For the last few years Lowensteins has been collating figures to show how the economic conditions have affected artists’ incomes over the years.
Since we are well into the 2021, I feel some optimism that there is a sense that the economy and life in general is improving.
We are delighted to announce the winners of the scholarship awards to Australian 2020 final year visual art students.
All forms of the arts have been dealt a savage blow with the advent of the Coronavirus.
After doing some reading over the holiday period, I discovered a report “Giving Attitude” by Creative Partnerships Australia - formerly Australian Business Arts Foundation (ABAF) - the government agency that is involved in arts philanthropy.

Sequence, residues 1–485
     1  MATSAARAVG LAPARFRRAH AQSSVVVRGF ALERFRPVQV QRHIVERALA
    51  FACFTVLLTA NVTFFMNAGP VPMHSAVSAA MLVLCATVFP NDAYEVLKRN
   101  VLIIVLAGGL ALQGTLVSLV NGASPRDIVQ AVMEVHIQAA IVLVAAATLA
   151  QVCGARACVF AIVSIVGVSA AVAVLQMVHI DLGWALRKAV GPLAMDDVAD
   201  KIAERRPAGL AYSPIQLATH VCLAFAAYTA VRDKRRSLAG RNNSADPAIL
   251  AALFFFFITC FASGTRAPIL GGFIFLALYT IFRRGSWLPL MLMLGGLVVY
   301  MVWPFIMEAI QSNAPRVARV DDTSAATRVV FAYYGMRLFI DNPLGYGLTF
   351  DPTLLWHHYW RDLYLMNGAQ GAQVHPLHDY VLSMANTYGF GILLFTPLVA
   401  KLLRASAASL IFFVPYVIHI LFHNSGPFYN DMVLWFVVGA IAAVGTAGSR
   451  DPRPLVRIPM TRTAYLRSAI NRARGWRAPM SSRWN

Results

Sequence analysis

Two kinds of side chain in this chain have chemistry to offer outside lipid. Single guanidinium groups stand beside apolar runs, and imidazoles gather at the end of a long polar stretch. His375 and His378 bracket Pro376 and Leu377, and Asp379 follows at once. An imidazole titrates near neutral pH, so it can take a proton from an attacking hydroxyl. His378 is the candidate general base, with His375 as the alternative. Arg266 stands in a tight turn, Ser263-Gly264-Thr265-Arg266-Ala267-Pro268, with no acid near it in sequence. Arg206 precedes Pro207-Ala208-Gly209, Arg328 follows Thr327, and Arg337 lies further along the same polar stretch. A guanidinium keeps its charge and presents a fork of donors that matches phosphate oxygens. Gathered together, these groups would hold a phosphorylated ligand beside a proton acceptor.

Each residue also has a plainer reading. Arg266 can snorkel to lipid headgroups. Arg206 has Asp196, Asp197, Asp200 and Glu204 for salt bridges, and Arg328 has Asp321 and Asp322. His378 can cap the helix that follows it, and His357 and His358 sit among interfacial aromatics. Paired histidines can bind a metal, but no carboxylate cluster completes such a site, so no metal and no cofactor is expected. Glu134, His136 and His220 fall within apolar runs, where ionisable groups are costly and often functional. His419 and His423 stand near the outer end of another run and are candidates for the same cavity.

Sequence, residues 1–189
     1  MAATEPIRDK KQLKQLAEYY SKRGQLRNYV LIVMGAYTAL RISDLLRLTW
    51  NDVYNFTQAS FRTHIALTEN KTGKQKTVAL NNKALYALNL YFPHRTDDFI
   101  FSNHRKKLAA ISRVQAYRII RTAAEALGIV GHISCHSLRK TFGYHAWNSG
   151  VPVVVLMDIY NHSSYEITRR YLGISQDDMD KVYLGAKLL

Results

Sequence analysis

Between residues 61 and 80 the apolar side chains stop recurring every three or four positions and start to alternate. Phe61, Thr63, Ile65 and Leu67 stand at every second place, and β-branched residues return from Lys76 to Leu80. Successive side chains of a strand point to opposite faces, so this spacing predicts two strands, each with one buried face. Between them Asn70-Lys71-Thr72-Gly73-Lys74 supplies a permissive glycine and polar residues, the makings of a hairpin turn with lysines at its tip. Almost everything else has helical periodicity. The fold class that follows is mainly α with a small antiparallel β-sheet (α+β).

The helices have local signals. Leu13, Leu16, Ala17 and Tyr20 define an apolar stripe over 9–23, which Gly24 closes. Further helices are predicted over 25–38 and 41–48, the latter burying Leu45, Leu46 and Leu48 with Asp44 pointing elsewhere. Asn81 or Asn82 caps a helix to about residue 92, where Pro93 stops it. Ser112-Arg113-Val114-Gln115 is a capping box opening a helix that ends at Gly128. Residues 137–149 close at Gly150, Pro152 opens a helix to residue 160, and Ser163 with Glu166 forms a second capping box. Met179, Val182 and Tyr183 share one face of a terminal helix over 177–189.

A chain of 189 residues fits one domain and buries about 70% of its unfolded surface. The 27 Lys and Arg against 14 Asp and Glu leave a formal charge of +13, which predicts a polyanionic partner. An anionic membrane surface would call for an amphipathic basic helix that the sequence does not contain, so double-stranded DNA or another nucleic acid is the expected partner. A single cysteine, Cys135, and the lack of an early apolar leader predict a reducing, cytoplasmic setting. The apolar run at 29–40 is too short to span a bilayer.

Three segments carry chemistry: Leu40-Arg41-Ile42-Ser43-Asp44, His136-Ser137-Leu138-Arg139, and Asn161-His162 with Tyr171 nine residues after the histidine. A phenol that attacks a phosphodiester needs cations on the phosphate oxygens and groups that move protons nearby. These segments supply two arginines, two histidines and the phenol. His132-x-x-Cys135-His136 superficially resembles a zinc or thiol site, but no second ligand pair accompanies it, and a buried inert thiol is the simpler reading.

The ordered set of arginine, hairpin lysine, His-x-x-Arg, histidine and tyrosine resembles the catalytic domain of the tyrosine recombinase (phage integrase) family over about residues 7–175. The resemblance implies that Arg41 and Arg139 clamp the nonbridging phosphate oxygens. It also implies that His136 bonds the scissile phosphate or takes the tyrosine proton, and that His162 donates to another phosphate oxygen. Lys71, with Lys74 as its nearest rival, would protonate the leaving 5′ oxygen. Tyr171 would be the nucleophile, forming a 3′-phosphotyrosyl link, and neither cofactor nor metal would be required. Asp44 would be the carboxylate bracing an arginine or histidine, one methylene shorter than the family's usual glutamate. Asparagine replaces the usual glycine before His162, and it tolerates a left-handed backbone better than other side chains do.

As we turn our attention to the summer holidays and 2019 swiftly flows away into the pages of history, it is useful to reflect on the past business year.
As we approach the May 2019 election date, it is timely to ask ourselves, as advocates for the arts, ‘What does the next Government hold for arts policy in Australia?'
In the previous edition of Lowensteins' Newsletter, we advocated a radical need to reform the tax system as it affects Australian artists. We have had positive feedback about this suggested reform from several clients in the arts community.
Taxation treatment of the arts is one of the many issues that have been neglected by governments of all persuasions over the last eighteen to twenty years. Now it is time to start a serious conversation about tax reform for the arts.
Once again I had the privilege of travelling to Hong Kong for the sixth iteration of ART Basel, held from the 27 to 31 March 2018.